Since the start of the Russian invasion of Ukraine, Africa has essentially been portrayed as a collateral victim of the ongoing conflict. Yet the recent trips of senior officials from the parties to the conflict suggest that the continent's role is much more important than that.
On October 3, the Ukrainian Foreign Minister, Dmytro Kuleba, landed in Senegal for an African tour which was to take him to several countries. Although interrupted on Monday, October 10, this visit allowed the head of Ukrainian diplomacy to visit Senegal, Côte d’Ivoire and Ghana.
Placed under the sign of strengthening relations with the mainland, this tour was an opportunity for Kyiv to talk about cooperation in the fields of digital transformation, IT, agriculture, pharmaceuticals, trade, education and security. In Accra, Dmytro Kuleba also announced the forthcoming opening of a Ukrainian embassy, a sign of the new dynamic that the European country wishes to impart to its relationship with the countries of the continent.
While the economic aspect of this new cooperation desired by Ukraine will undoubtedly be important, the timing of Dmytro Kuleba’s visit suggests that the most urgent thing for kyiv is to strengthen its political and even security ties with African countries. . Indeed, the tour of the Ukrainian Minister of Foreign Affairs comes about three months after that of his Russian counterpart Sergei Lavrov. He had been to Egypt, Congo, Uganda and Ethiopia.
Economic opportunities and international support
Well before the visit of Minister Kuleba, the USA and France, two of the main supporters of kyiv in its war against Russia had also dispatched their heads of diplomacy to several countries on the continent. This incessant ballet of senior foreign officials on the black continent therefore seems to show that its importance has gradually increased on the world geopolitical scene.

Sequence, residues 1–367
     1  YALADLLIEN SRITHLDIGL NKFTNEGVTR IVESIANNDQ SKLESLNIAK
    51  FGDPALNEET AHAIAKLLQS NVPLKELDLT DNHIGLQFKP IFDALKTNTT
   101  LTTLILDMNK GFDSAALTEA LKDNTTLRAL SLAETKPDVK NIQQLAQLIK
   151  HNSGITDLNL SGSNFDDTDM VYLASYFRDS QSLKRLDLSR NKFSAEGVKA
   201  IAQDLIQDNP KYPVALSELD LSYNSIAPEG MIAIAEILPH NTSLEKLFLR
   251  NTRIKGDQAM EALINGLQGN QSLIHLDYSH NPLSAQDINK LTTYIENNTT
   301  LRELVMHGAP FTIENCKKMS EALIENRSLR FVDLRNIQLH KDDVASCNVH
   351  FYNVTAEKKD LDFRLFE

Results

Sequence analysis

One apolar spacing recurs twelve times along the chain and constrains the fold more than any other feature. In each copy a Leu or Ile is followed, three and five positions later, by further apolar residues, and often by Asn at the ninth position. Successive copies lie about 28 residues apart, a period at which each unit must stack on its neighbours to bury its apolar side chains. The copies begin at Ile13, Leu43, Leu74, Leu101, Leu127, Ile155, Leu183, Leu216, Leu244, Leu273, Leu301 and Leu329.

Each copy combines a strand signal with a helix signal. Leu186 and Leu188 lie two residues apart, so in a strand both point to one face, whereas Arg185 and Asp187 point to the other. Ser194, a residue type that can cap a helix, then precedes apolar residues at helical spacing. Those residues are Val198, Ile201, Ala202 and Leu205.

The strategic importance of Africa has often been reduced to the economic opportunities it offers for Western countries. The immense reserves of oil, gas or strategic mineral resources have often aroused the greed of global economic giants, while its young population is often targeted as potential mass consumers by large brands in search of markets of export.
Although since the beginning of the Ukrainian crisis it has been portrayed as one of the main collateral victims of the crisis, it is above all its political importance that has been highlighted in recent months.
With its 54 countries, Africa is indeed the continent with the most members within the United Nations Organization (28% of the total membership). This situation makes it a powerful ally when voting on resolutions within the institution, or for the defense of a political opinion on the international scene. A situation, visibly well understood by Russia, which took the Western powers by surprise by forging close relations with certain African countries and improving its image in popular opinion, particularly in the Sahel.
Proof of this reality, the Ukrainian president spoke directly to the African Union (AU) last June during an intervention during which he announced the appointment of a “special representative of Ukraine for the ‘Africa’ and the preparation of a ‘major Ukraine-Africa political and economic conference’. During his tour last July, Sergei Lavrov himself declared that “African states are playing an increasingly important role in politics and the global economy”.
Prioritize African interests
In the opinion of several experts, the events in Ukraine, although tragic, may represent an opportunity for Africa to definitively impose itself as the arbiter of a global geopolitical game, the consequences of which it has often suffered. Already, more and more voices are being raised on the continent as elsewhere (China, Germany), to grant Africa two permanent seats within a Security Council frozen since the end of the Second World War.
Today, the most pessimistic already see in the Russian-Ukrainian conflict the beginnings of a third world war. Although this theory is very alarmist, the reality is that this war which started in Europe, is also being played out in Africa, although only on the political level…for the moment. It is up to African countries to always put their interests first, namely the right to trade and have relations with whomever they want without having to choose one side or the other in a conflict between great powers.